Widow fears bankrupt business may not be brought to justice for death of minor

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Romeena Kozoriz was building a dream home with her husband Norm Bisallion when she was killed in a mining accident in 2014.

Bisallion was caught under falling material in Sudbury’s Lockerby mine, which was followed by a seismic event.

The mine owner, First Nickel, as well as Taurus Drilling, which employed the mine workers, face a total of 12 charges under Ontario’s Occupational Health and Safety Act.

But First Nickel declared bankruptcy shortly after the death and is not in court to represent itself, in a proceeding that Kozoriz calls “a joke.”

“We haven’t had justice since day one,” Kozoriz said. “From the time I knocked on my door to where we are now.”

2 dead in mining incident in Sudbury area

Suspension of underground operations at Lockerby mine 2:45

Kozoriz has been in court every day, sitting through sometimes graphic descriptions of the tragic event.

“It was very difficult to listen to the conditions the guys were working under,” Kozoriz said. “And to realize that they went there every day risking their lives knowing the conditions weren’t the best.”

“I could actually imagine [Norm] in the position it was in when the rocks fell. “

She finds it difficult to accept that First Nickel, now bankrupt, does not face justice.

“What is most difficult to accept is that our system allows an accident like this to happen,” she said. “Then they allow the responsible people or company to go away and have no responsibility.”

A fair trial? Not enough

Dave McCaskill, the attorney representing the Department of Labor, says the lawsuit itself raises interesting questions about fairness.

“DDoes this result in a fair trial as regards First Nickel? No, “McCaskill said.” But they chose not to be here, so they dug their own graves. “

Even without the company’s presence, McCaskill says the case continues.

“We always call the same evidence and the evidence comes out the same way,” he said. “I think where [the families] going to be disappointed at the end of the day is if First Nickel is found guilty and the sentence becomes an empty sentence since no one is held responsible. “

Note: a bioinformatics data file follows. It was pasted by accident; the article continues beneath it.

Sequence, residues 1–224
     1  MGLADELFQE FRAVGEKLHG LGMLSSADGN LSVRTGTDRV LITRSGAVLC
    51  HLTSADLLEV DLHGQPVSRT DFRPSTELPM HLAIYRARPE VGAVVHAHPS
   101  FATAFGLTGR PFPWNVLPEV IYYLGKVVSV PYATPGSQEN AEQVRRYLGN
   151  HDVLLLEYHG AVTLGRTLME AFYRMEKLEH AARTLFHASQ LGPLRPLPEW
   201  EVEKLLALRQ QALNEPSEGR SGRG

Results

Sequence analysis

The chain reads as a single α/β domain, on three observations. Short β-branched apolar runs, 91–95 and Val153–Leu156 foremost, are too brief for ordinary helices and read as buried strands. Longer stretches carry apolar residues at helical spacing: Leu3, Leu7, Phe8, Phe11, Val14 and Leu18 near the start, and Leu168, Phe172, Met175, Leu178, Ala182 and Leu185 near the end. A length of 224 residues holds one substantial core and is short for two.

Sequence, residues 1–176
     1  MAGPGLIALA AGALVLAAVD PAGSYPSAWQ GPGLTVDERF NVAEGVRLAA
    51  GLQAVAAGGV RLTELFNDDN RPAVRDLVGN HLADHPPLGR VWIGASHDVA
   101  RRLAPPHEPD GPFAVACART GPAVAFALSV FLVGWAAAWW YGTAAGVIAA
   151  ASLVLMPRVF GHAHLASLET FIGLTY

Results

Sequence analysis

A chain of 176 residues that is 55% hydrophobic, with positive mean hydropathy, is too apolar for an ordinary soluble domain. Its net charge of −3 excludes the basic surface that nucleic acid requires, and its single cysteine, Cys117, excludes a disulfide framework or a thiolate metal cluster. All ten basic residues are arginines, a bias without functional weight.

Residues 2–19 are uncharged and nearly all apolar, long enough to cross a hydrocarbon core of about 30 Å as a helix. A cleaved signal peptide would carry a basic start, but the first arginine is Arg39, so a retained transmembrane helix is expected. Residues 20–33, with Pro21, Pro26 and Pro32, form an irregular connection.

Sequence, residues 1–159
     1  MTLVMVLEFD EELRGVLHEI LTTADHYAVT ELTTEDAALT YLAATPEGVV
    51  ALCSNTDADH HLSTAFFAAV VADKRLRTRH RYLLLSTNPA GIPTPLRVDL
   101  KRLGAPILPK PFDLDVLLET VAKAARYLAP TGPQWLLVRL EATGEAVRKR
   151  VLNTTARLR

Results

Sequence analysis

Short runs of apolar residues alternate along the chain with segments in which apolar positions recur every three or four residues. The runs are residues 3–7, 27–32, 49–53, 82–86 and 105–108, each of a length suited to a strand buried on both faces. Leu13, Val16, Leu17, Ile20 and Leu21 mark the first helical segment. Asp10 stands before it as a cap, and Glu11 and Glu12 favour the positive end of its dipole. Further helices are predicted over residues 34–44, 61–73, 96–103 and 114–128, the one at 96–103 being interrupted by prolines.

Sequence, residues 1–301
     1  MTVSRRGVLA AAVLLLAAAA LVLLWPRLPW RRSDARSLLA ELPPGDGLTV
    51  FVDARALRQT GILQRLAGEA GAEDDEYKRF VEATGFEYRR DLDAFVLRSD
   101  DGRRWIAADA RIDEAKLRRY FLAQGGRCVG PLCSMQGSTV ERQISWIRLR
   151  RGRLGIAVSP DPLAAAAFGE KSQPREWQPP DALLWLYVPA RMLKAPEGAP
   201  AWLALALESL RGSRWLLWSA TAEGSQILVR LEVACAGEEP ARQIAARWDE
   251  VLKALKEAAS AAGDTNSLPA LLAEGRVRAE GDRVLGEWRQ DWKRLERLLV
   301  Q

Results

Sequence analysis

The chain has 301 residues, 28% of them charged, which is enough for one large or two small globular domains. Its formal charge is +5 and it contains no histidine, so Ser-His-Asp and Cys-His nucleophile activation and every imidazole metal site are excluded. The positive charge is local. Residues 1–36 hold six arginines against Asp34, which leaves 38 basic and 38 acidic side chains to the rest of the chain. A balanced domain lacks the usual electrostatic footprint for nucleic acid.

Kozoriz wonders what the motivation is for going through the process, if the company is indeed found guilty.

“Why even waste court time at this point when those who are really responsible are not there,” she said.

Romeena Kozoriz, widow of Norm Bisallion, finds it difficult to accept that First Nickel, now bankrupt, does not face justice for her death. (Markus Schwabe / CBC)

A question of general deterrence

But McCaskill says it’s important to play until the end.

“One of the key elements of our work is general deterrence,” he said. “If a company is found guilty of something, a message goes out to the entire industry that if you engage in that behavior and something fatal results from it, these are the types of penalties you incur. ”

“So we will ask if First Nickel is convicted, that the judge impose a sentence of some importance that will send a message of general deterrence, to the point of saying that if you can make the same mistakes, you can expect a sentence of this nature. “

As for Kozoriz, she still sits in court every day when she sits, hoping that there may be some sort of closure at the end of the trial.

A panel has been convened and sits in court, with the aim of making recommendations at the end of the trial.

“I would like the young children who arrive to have an apprenticeship, to teach them the right tools and to be explained to them what their rights are.”

“If you don’t feel safe, don’t come in.”


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